Of more than 60,000 different tree species known now, more than 20,000 of have been included in the International Union for Conservation of Nature Red List of Threatened Species. Of these, more than 8,000 of these are assessed as globally threatened (Critically Endangered, Endangered or Vulnerable) and more than 1,400 tree species are assessed as critically endangered and in urgent need of conservation action. About eight percent of forest plants, five percent of animals and five percent of fungi found in forests are listed as critically endangered.

Dependence upon forests

The report said that forests provide more than 86 million green jobs and support the livelihoods of many more people. However, the report points out that poverty rates in these areas tend to be high. Some 252 million people living in forests and savannahs have incomes of less than 1.25 dollar per day.

The study also notes; “it is estimated that 75 percent of the world’s leading food crops, representing 35 percent of global food production, benefit from animal pollination for fruit, vegetable or seed production. Worldwide, around 1 billion people depend to some extent on wild foods such as wild meat, edible insects, edible plant products, mushrooms and fish, which often contain high levels of key micronutrients. The value of forest foods as a nutritional resource is not limited to low- and middle-income countries; more than 100 million people in the European Union (EU) regularly consume wild food. Some 2.4 billion people – in both urban and rural settings – use wood-based energy for cooking.”

Human health

More than 28000 plant species are recorded as being of medicinal use and many of them are found in forest ecosystems.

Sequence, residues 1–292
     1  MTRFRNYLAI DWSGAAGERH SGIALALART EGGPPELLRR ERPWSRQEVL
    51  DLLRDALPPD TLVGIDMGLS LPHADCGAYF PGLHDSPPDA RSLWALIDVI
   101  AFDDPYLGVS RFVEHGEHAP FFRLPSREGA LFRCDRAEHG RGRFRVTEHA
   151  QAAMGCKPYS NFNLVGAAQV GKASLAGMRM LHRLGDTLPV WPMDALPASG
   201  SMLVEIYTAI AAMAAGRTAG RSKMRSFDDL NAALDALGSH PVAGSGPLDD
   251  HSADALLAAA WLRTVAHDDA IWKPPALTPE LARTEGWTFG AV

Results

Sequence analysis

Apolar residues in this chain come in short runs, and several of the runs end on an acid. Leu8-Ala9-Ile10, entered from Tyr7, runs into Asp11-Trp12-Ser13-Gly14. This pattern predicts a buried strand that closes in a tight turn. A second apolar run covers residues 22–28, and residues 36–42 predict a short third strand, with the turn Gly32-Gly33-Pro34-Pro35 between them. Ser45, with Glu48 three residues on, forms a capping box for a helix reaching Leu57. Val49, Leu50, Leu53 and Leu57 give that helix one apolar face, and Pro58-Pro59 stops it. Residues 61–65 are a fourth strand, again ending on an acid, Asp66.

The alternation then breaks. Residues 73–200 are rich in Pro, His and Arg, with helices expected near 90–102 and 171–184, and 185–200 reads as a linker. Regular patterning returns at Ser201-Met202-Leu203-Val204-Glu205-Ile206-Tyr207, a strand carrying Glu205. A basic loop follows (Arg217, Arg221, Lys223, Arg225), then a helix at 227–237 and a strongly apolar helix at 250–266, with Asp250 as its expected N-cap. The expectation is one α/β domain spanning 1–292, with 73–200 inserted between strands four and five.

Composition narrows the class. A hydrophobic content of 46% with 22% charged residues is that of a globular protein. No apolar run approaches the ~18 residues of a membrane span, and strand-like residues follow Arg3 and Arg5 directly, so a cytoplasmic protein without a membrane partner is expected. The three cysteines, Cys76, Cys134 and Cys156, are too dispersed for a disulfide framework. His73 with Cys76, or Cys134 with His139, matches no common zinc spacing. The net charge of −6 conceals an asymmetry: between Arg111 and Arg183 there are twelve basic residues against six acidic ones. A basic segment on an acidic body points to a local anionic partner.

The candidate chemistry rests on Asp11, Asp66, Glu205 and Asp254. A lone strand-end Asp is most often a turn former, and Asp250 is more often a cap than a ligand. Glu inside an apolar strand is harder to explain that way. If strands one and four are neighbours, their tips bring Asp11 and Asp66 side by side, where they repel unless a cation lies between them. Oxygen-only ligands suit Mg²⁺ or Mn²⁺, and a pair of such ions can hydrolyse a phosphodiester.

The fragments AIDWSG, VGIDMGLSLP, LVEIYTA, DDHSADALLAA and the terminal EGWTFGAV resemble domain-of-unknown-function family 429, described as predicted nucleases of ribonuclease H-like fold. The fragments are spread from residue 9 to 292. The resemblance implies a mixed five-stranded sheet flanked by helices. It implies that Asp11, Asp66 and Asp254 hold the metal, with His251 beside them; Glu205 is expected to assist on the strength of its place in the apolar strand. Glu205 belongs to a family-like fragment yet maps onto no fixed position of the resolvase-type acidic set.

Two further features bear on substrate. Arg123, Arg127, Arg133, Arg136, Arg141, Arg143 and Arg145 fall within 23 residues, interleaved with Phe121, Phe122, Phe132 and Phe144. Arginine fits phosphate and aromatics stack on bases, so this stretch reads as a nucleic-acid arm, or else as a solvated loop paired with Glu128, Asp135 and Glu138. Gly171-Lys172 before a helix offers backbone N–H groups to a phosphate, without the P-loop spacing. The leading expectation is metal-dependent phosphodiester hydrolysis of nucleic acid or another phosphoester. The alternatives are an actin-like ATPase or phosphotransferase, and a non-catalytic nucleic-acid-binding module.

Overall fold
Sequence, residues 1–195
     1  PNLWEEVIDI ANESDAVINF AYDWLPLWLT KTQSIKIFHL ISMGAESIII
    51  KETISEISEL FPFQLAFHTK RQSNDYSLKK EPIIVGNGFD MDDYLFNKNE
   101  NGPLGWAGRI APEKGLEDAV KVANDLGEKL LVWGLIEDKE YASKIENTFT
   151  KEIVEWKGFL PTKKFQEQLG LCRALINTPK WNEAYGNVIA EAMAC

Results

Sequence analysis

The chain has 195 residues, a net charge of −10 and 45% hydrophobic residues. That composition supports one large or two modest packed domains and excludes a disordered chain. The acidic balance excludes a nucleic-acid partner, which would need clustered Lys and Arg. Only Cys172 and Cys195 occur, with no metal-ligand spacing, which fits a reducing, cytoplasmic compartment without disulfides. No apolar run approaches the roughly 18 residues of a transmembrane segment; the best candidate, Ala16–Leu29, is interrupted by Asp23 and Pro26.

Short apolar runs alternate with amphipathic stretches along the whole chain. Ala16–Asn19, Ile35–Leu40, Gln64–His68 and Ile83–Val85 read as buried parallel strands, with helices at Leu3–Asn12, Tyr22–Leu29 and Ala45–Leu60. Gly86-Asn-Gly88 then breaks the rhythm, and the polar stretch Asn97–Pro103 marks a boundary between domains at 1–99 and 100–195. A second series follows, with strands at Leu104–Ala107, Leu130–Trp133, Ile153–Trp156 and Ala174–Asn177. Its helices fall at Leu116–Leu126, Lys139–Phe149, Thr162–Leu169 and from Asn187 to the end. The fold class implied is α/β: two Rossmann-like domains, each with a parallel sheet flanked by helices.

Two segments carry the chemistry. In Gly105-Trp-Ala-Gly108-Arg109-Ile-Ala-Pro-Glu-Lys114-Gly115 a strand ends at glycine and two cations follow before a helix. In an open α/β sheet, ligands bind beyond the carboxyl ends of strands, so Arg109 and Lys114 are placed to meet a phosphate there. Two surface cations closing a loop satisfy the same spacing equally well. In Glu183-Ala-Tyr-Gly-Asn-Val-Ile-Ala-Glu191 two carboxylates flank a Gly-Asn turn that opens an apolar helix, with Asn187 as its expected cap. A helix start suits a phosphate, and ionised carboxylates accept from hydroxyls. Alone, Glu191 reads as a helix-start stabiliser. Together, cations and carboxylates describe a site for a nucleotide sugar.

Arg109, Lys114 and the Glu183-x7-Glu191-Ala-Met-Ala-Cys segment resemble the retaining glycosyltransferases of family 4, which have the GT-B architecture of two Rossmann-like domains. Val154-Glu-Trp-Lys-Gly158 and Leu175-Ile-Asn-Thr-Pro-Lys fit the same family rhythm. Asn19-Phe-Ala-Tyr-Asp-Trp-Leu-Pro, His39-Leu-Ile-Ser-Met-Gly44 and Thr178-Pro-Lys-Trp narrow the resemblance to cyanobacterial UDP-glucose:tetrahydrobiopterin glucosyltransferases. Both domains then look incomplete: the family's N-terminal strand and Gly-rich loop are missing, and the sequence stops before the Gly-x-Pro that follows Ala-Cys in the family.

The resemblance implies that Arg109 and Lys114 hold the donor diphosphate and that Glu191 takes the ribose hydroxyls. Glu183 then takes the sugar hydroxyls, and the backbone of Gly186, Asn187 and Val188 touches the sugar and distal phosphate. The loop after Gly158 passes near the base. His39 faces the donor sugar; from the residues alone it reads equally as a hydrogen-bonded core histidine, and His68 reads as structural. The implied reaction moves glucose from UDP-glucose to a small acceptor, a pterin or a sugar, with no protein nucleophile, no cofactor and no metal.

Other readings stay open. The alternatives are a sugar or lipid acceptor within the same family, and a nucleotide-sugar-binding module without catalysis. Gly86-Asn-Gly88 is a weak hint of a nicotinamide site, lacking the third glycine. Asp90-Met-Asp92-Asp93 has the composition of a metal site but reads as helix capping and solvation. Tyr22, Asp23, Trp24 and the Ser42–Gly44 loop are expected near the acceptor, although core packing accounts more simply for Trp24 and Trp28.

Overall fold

Protected areas

Though several protected areas could seen across the globe, the report pointed out that such protected areas alone are not sufficient to conserve biodiversity. Nearly 18 percent of the world’s forest area (700 million hectares) falls within legally established protected areas such as national parks, conservation areas and game reserves

Ensuring positive outcomes for both biodiversity and people

The “State of the World’s Forests 2020 report has called for an urgent need to ensure that biodiversity conservation be mainstreamed into forest management practices in all forest types. It said that a realistic balance must be struck between conservation goals and local needs and demands for resources that support livelihoods, food security and human well-being. Effective governance; policy alignment between sectors and administrative levels, land-tenure security, respect for rights and knowledge of local communities and indigenous people and enhanced capacity for monitoring of biodiversity outcomes are needed for this, the report said. .

Transformation of food systems to halt deforestation

The report said that the world must move away from the present situation where the demand for food is resulting in inappropriate agricultural practices that drive large-scale conversion of forests to agricultural production and the loss of forest-related biodiversity. “Adopting agroforestry and sustainable production practices, restoring the productivity of degraded agricultural lands, embracing healthier diets and reducing food loss and waste are all actions that urgently need to be scaled up,” the report said.